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The UN’s AI Leadership

In the same way monarchs are proclaimed—by powerful stakeholders attending a coronation and not objecting—the UN’s International Telecommunication Union (ITU) took a mandate last week to coordinate AI Safety worldwide, with most industry leaders and relevant UN agencies were present when it did so. It’s as apt a role for the UN as nuclear, maritime or air safety, but since Member State priorities differ widely, leaders need to ensure any safety rules developed there will build trust in AI rather than just regulate it since, as we know, regulation can be many things, not all of them additive. To ensure this, there are two important risks to consider and mitigate through industry action.

Slow is Not Fair

First, “coordination” tends to regulation. The ITU can convoke treaty-making conferences and also knows how to use its coordinating function to assert real regulatory power—from creating international standards (successfully) to Internet governance (unsuccessfully, so far)—so the risk and reflex are there. What’s more, the majority of UN stakeholder-governments are as sceptical (pro-sovereignty?) about AI as they were about past innovations that ended up benefitting society—take broadband, the Internet, or cloud—and they will be seeking to ensure that nothing about AI moves faster than they are ready to allow. Depending on their capacity to assess, benefit, or test the limits of AI safety, this could slow down deployment in ways that creates huge and damaging lacunas between nations.

No Single Group is Right

Second, today’s ITU is led by a seasoned UN operative with roots and a belief in private-sector creativity and fair competition, but her leadership won’t last forever. Meanwhile, both the ITU’s other top-ten funders, in combination with the voices of smaller Member States, can create a form of swamping rights that risks delaying the experimentation with AI safety that’s needed for the international community to succeed at this goal. The balance of influence should, therefore, be struck between these state actors and the private sector purveyors of AI. If it is, the outcome will be fairer, faster deployment of AI with strong internationally-recognised safety norms.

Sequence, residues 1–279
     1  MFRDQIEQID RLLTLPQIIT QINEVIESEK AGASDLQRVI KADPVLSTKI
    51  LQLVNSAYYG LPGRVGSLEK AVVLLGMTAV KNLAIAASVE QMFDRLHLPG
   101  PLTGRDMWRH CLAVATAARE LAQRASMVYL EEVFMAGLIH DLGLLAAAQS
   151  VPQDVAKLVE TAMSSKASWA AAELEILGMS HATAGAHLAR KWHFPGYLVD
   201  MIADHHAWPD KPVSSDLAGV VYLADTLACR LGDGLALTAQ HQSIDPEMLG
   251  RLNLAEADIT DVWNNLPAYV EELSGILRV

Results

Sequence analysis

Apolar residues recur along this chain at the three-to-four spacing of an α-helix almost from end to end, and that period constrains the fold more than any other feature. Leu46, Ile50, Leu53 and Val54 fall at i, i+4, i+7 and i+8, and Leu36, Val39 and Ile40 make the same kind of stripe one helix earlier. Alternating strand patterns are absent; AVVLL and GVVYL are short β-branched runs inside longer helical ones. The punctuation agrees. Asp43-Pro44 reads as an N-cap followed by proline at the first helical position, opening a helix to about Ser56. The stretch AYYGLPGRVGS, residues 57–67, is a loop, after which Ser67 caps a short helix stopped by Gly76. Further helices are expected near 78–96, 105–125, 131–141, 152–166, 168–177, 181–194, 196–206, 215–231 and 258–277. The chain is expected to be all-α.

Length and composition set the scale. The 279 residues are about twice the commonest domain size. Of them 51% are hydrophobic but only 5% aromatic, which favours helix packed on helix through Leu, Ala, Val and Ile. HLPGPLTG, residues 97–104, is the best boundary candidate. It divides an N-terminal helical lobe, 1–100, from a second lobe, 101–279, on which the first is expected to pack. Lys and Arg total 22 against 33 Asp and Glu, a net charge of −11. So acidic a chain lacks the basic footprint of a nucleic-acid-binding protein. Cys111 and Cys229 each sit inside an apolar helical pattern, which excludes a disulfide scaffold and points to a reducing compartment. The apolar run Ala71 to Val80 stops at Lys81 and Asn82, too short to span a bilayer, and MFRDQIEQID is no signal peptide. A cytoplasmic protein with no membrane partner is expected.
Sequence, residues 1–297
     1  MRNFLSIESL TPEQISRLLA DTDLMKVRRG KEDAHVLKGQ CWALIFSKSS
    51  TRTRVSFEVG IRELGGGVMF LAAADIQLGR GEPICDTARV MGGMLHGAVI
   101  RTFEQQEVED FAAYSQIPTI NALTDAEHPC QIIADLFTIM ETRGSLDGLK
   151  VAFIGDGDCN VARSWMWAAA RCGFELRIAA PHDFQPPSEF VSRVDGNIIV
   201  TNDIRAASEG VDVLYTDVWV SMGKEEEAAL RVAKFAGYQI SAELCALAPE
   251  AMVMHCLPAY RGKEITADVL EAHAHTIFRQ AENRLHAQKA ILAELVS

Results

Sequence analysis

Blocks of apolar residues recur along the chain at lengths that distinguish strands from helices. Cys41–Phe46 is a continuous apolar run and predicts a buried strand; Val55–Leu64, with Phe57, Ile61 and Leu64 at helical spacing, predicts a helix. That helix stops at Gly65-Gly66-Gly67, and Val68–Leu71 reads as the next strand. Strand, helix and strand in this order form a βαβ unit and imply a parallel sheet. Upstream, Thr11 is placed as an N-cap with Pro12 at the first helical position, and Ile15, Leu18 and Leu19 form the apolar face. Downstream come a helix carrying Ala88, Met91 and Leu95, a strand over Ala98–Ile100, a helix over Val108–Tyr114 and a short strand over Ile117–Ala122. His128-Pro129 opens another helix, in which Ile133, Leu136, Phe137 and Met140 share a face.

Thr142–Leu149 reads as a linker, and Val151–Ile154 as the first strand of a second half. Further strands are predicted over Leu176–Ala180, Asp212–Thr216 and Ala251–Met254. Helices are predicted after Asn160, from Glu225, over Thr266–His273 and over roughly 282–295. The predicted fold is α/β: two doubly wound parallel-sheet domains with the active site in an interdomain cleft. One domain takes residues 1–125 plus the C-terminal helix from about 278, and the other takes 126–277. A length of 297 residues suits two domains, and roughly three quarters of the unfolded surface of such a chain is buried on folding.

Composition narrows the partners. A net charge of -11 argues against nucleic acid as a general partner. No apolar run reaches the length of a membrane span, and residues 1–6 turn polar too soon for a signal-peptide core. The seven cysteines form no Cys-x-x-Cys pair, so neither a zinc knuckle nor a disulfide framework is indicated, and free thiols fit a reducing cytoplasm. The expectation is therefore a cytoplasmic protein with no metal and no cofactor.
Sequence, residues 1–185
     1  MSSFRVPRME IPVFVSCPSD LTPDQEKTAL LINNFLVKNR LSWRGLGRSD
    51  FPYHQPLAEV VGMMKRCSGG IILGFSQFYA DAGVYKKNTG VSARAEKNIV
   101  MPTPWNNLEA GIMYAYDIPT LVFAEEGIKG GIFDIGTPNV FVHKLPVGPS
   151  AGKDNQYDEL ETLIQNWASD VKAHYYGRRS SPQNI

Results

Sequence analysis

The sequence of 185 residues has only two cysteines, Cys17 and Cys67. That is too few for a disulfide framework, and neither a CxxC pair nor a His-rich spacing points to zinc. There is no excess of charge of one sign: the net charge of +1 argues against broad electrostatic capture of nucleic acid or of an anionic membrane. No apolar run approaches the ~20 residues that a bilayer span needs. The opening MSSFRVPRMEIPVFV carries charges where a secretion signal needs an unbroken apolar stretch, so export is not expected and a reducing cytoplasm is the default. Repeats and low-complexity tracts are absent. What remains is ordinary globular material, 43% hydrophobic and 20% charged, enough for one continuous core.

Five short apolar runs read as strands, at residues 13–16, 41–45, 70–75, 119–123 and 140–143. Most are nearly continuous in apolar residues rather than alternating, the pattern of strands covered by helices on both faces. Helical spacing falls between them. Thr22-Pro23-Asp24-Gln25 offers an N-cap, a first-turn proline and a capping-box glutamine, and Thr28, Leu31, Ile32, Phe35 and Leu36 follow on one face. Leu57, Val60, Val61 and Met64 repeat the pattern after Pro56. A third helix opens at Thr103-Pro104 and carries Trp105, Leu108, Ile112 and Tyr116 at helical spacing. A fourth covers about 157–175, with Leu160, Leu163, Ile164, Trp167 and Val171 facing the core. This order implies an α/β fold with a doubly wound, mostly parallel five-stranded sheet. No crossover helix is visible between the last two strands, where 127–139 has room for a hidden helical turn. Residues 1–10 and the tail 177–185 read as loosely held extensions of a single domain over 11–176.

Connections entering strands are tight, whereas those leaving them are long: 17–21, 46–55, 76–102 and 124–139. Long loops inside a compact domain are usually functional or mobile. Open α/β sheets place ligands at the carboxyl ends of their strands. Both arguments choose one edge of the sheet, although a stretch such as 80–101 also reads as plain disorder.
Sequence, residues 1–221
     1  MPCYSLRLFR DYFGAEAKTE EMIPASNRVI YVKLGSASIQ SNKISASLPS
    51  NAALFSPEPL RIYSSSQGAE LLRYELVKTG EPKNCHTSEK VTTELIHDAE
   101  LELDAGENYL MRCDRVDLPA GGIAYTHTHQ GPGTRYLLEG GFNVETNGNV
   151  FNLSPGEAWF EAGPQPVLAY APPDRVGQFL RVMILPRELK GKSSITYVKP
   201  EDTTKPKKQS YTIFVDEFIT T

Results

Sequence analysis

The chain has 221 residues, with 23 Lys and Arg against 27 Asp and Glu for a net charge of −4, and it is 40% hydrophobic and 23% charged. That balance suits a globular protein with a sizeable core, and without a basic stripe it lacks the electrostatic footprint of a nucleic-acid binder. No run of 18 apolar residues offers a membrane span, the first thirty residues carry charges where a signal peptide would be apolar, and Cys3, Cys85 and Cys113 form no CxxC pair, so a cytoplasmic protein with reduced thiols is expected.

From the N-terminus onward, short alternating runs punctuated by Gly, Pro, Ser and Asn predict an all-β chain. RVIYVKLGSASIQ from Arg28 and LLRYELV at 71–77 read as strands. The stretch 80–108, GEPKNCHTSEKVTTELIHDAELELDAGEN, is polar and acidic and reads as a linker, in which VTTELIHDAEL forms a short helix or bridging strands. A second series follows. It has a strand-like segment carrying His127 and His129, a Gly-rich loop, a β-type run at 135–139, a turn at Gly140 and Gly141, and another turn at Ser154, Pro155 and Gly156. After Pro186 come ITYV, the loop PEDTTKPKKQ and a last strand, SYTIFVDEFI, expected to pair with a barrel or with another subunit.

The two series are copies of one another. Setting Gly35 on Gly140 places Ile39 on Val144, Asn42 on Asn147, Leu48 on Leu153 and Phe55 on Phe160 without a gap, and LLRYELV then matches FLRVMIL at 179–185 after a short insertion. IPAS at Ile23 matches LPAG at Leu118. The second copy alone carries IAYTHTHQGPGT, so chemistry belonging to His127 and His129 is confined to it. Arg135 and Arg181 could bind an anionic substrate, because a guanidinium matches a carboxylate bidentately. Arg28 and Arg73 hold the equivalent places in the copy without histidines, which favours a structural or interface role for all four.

Get Ahead of It

These risks are worth mitigating. So to help this new ITU mission, the industry will need to coordinate materially, always a tall order among competitors. What that groundwork really requires, however, is buy-in from all big AI purveyors to use the UN’s convening power effectively, not least to accelerate its decision-making so that AI safety, that indispensable condition for global problem-solving, will follow, and take root everywhere, fairly, at speed.

By Gregory Francis, CEO at Access Partnership

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Misplaced Concern Anthony Rutkowski  –  Jun 20, 2024 3:10 AM

The ITU is an independent treaty organisation that long has faced a diminishing role in the ICT space because only a handful of countries participate and the work occurs elsewhere.  That is not going to change.
Furthermore, it is the EU’s AI Act today that gives rise to the real concern in the AI sector because of the assertion of extraterritorial authority and onerous provisions.  However, in the face of the 22i’s Bletchley Agreement, it is the DSIT consultative proceeding that should prevail on the technical and operational front, and the COE’s new AI treaty instrument on the human rights front.  Meanwhile, everyone else will seek relevance by dipping their oars into the AI pond.

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